In 2021, there has been an uptick in reported strange sightings, thanks to people with smartphones or other video devices that have captured these strange lights in the sky.
These unspecified aerial phenomena (UAPs) could be satellite, technology deployed by foreign governments, space junk falls down or can even float on special balloons or intentionally fakes unidentified flying objects (UFO)?
Or could they be aliens? What if The earth Ever received the end of speeding extraterrestrials from Alpha Centauri, who discovered they lacked brake fluid and crashed into New Mexico?
Many of these objects were eventually identified. Others, however, remain mysterious.
In 2022, however, UAP will get more attention from both the scientific community and the federal government, experts told Space.com.
In June 2021, the US military and intelligence community released a report on the UAP. This was followed by the urging of Congress to establish an official office to undertake a “coordinated effort” on UAP-related collection and analysis.
Senator Kirsten Gillibrand said: “Our national security efforts rely on air supremacy, and these phenomena present a challenge to our dominance in the air. UAP’s vision is crucial to keeping our strategic edge and keeping our nation safe,” Senator Kirsten Gillibrand said on December 12. September 9, 2021, when it announced the inclusion of her UAP amendment in $768.2 billion National Defense Authorization Act for Fiscal Year 2022, signed into law by President Joe Biden on December 27.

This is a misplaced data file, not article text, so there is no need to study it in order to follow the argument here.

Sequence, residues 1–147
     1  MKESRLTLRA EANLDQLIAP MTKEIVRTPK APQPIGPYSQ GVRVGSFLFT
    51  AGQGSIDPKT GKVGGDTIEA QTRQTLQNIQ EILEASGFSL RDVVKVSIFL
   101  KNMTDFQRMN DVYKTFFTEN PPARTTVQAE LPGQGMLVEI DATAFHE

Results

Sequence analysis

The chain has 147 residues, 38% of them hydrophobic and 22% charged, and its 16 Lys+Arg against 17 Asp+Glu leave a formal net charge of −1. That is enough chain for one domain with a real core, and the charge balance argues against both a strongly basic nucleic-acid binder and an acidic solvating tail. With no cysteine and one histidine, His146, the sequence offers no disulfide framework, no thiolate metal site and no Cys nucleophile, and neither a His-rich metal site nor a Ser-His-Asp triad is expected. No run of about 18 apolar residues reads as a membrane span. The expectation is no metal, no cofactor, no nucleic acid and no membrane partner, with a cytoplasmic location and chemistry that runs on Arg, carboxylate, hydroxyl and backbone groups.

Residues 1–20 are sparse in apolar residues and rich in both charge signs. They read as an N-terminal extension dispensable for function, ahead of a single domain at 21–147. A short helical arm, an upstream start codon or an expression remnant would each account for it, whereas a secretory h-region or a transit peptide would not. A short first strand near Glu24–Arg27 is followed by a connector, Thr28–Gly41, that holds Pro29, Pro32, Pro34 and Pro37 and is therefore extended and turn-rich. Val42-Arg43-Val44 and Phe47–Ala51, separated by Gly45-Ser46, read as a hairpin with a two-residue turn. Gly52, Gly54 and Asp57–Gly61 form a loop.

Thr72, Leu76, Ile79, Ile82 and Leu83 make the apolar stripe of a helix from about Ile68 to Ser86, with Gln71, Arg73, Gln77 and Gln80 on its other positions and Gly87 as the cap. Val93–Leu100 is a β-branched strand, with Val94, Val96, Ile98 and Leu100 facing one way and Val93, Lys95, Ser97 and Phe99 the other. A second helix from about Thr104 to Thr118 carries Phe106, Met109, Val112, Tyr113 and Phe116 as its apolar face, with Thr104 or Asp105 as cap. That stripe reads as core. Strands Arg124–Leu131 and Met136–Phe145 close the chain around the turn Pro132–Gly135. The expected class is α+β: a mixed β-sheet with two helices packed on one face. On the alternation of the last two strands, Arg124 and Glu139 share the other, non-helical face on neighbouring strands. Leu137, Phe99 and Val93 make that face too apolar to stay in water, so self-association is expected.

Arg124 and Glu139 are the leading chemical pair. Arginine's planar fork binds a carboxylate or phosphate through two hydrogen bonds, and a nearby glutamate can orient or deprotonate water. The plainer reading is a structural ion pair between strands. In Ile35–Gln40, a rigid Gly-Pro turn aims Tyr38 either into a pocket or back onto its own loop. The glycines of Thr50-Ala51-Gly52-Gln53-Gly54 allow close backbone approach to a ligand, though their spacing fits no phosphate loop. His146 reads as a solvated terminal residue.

Although the new office in the Pentagon, called the Airborne Object Recognition and Management Synchronization Group, will not explicitly focus on search for alien life, it will be tasked with providing complete intelligence, as well as scientific and technical assessments, regarding the UAP.
One of the responsibilities of the new UAP office will be to implement a plan to “test scientific theories regarding UAP characteristics and performance,” Gillibrand said in a statement. statement.
So what now?
First, there is a concerted effort to build hardware that detects the UAP and decides where it will be stationed. This year could be a turning point in UAP/UFO research.
According to Mark Rodeghier, scientific director of the UFO Research Center in Chicago, a big potential development in 2022 will be UFO detection.
“The effort to detect, track and measure UFO phenomena in the field, in real time, has recently entered a new phase,” Rodeghier told Space.com. “Technology has gotten better, software tools have improved, and current interest in UFOs has attracted new, qualified professionals.
Rodeghier added: “While one cannot predict how long it will take for us to gain basic, new knowledge of UAP/UFOs, I believe these efforts are highly likely to succeed and place UFO studies on a new foundation of reliable physical data,” added Rodeghier. “And as a result we will have more evidence – as if needed – that UFO phenomena are real and can be studied scientifically.”